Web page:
The 27 leaders meeting without British Prime Minister Theresa May will approve guidelines saying trade talks can only start once London agrees divorce terms on citizens rights, its exit bill and Northern Ireland.
EU President Donald Tusk insisted Britain would also benefit if unity boosted the chances of a deal, after May accused the other 27 countries of ganging up on London.
"We need to remain united as the EU 27," Tusk said as he arrived at the 27's first official Brexit summit since May triggered the Article 50 divorce process exactly one month ago.
"It is only then that we will be able to conclude the negotiations, which means that our unity is also in the UK's interest," the former Polish premier told reporters.
The call for a united front comes hot on the heels of a war of words between May and German Chancellor Angela Merkel, who said Britain should not have "illusions" about the talks.
German finance minister Wolfgang Schaeuble said in an interivew published Saturday that "Britain cannot have advantages that other countries do not after its departure. Nothing is free."
'Number one priority'
The EU 27 have considerably toughened the guidelines since Tusk first unveiled them a month ago, with Brussels also drawing up a detailed list of citizens rights.
"We also need solid guarantees for citizens and their families, who will be affected by Brexit on both sides. This must be number one priority for EU and the UK," Tusk said.
This referred to the fate of three million EU citizens living in Britain and one million Britons on the continent, with officials hoping for a resolution on their status after the divorce by the end of the year.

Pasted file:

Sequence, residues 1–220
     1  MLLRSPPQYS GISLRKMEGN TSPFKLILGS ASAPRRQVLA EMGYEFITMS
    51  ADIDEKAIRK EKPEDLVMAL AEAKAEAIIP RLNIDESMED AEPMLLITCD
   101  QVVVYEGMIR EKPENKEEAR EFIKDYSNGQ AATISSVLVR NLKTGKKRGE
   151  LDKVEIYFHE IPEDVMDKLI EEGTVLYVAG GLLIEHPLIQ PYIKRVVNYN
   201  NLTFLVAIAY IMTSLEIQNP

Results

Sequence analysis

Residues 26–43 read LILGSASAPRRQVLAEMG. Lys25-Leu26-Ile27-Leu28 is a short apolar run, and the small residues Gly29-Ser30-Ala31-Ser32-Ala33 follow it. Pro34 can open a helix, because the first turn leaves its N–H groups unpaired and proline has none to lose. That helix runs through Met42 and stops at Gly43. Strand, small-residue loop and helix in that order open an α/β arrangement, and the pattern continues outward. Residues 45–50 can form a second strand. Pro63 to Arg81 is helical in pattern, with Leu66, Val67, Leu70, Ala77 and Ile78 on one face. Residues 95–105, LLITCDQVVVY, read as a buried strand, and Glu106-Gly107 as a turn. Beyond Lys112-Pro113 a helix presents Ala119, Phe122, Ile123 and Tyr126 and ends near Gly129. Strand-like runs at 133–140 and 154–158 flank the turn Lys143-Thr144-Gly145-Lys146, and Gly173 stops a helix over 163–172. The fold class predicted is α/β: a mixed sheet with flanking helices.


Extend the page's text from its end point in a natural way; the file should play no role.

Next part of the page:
In a further move that will rile London the EU is also set to back automatic membership for Northern Ireland if it reunifies with Ireland, and call for Spain to have a say over any deal that affects Gibraltar.
The EU 27 will call for action to avoid a "hard border" between the Republic of Ireland and the British province of Northern Ireland, amid fears that Brexit could undermine the peace process.
They will also discuss for the first time the spoils of Brexit -- the relocation of EU medical and banking agencies that are currently based in London.
But they leave the criteria vague and so at Saturday's summit the leaders will have their first serious discussion on what exactly constitutes sufficient progress.
While the EU says citizens' rights is a priority, the most touchy issue of all is likely to be Britain's exit bill.
This is estimated at around 60 billion euros ($65 million), which mainly covers financial commitments made by the bloc while Britain was a member.
But the issue also risks causing divisions within the EU as they squabble over how to meet any shortfall.
Schaeuble said Germany would not pay any more. "The money in the EU budget must suffice. We must spend money more efficiently than we currently do."
'Line up to oppose us'
The unity call comes after years of bitter internal divisions on everything from the euro and migration to how to tackle growing euroscepticism.
May's decision to call a general election in Britain on June 8, in a bid to shore up her mandate and strengthen her negotiating position, has only stiffened their resolve.
Actual Brexit talks are not expected to begin until after the British election, although the EU is set to give an official mandate to its chief negotiator Michel Barnier on May 22.
The run-up to the summit was marked by bad tempered exchanges between Merkel, Europe's most powerful leader, and May.
After Merkel's "illusions" comment, May hit back saying that "our opponents are already seeking to disrupt those negotiations -- at the same time as 27 other European countries line up to oppose us."
(Except for the headline, this story has not been edited by NDTV staff and is published from a syndicated feed.)